He's concerned about that Charlie Hebdo think-piece, the one about how the Muslims are oppressing everyone by wandering around wearing headscarves and so on. Specifically, he's worried that
"...chilling of discussion around Islam encourages a climate of mutual apprehension and tension in European communities, where non-Muslims are implicitly told to keep their concerns to themselves while Muslims increasingly come to live in a kind of protective bubble of non-criticism or just non-discussion".
And I mean, he has a point here. It's certainly true that you can attract plenty of hysterical abuse, simply for speaking reasonably on various Islam-themed topics. I'll add that the same is true of sport journalists who get on the wrong side of football fans; critics who e.g. give superhero movies bad reviews and women who have the temerity to say things while being female.
Still, Brendan's describing an existing phenomenon here*, and the Hebdo case is very unusual in that it's one of very few involving the threat of actual violence, rather than just some twatty comments on social media.
It's worth noting though that the Hebdo piece didn't piss people off because it was telling us uncomfortable truths. It mainly annoyed people because it's yet another example of folk intentionally acting like stroppy, belligerent dicks, while theatrically complaining about how they're not allowed to act like stroppy, belligerent dicks. Basically much like The Spectator, but French.
And of course, folk have every right to act like stroppy, belligerent dicks if they so please, much as other people have every right to respond by calling them racists, or whatever.
Is it racist, to kick off on a mad ramble about how pissed off you are that the Muslims won't even let you buy a bacon roll in an imaginary bakery? Is it bigoted, to make illogical claims conflating headscarves and nailbombs?
Well maybe it is and maybe it isn't, and the distinction doesn't really matter much to me. The iron rule remains the same either way - you don't have to be racist to be an arsehole.
That being the case, the Hebdo piece looks to me like that very modern form of opinion journalism - the deliberately antagonising cry-wank.
All I did was deliberately go out of my way to annoy people, and now they're all annoyed because they are so very thin-skinned and unreasonable. Oh, woe!
And none of this is happening in a vaccuum. The French generally are a bit more... robust than we are, on such issues. Their public figures certainly aren't afraid to say precisely what they think. French intellectuals routinely announce that Everything Is Fucked because white people are too nice to the ethnics, and it's always seemed to me that there's a strong undercurrent in French thought that foreigners can never be French, mostly because of their wacky religious beliefs.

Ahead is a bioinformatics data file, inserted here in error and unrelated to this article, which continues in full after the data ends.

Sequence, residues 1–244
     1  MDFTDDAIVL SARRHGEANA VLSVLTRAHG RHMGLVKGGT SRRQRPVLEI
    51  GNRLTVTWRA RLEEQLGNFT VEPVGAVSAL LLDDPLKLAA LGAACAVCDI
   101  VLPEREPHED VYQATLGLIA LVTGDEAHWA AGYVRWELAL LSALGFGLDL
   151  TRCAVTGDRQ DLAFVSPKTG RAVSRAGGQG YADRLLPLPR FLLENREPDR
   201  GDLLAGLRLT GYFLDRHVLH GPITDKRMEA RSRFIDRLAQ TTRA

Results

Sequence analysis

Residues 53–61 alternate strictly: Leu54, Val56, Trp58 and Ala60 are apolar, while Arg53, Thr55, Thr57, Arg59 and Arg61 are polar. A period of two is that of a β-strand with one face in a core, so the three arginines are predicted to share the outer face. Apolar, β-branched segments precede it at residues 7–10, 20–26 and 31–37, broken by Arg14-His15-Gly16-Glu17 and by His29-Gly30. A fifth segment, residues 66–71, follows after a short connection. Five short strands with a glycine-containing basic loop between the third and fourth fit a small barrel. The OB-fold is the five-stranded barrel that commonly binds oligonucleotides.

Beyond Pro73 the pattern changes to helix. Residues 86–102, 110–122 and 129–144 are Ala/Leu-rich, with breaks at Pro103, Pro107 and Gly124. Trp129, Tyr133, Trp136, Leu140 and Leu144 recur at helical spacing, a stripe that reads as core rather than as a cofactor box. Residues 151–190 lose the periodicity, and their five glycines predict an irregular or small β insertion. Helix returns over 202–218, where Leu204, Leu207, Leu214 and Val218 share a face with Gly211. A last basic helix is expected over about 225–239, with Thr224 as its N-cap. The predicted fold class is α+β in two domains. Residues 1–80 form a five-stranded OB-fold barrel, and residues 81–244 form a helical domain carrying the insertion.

And let's remember that there is currently a cultural and political movement that is rocking like a hurricane in France, and that it isn't self-censorship or bashfulness in the face of fruity foreign fatwas. It's the fucking National Front.
While the hacks wail in terror about snotty Tweets, the actual real far-right is booming. Let's not insult Brendan, or any of the other howlers and chucklers, by assuming that they aren't aware of precisely the type of politics that is driving headscarf bans or pork-only school lunches.
I think that ultimately, what we're looking at here is deep confusion** about the difference between
- Intentionally being as dickish as possible, and
- Media types going out of their way to annoy people and then complaining about tyranny when people get annoyed.
Secularism itself involves two basic propositions. The first is the strict separation of the state from religious institutions. The second is that people of different religions and beliefs are equal before the law.
I'll leave it up to you to decide whether e.g. boiling with resentment about the unavailability of imaginary ham sandwiches is an example of secularism, or just of people being as dickish as possible.
What I will say is that this confusion isn't at all cost-free. It's precisely this kind of nonsense that's brought us such unedifying occurrences as:
British soldiers kicking down doors in Helmand in order to liberate Afghan women from their husbands, fathers and brothers;
The French government freeing women from oppression by threatening them with arrest if they wear the wrong outfits, and French authorities giving schoolkids the choice between eating pork or fucking off, and
The British government trying to help oppressed Muslim women by deporting the ones that don't speak English.
It's not always easy to tell which is which, because there's a hell of a lot of overlap between the two sides and because both deploy similar levels of apocalyptic boo-hoo, but it can be done.
*As it happens, I often agree with Brendan on most free speech issues. I think it is problematic that many political and media types are afraid to speak their minds openly because they think they'll be branded racists. As I've argued in the past of characters including Nick Griffin, Nigel Farage and David Starkey, the best thing for everyone is to encourage cranks to be as frank as possible, and to let the public decide whether they're arseholes or not. I'm very confident about the public's judgement on that, at least.
**A deep confusion that is being intentionally sown by hacks including Brendan O'Neill, by the way.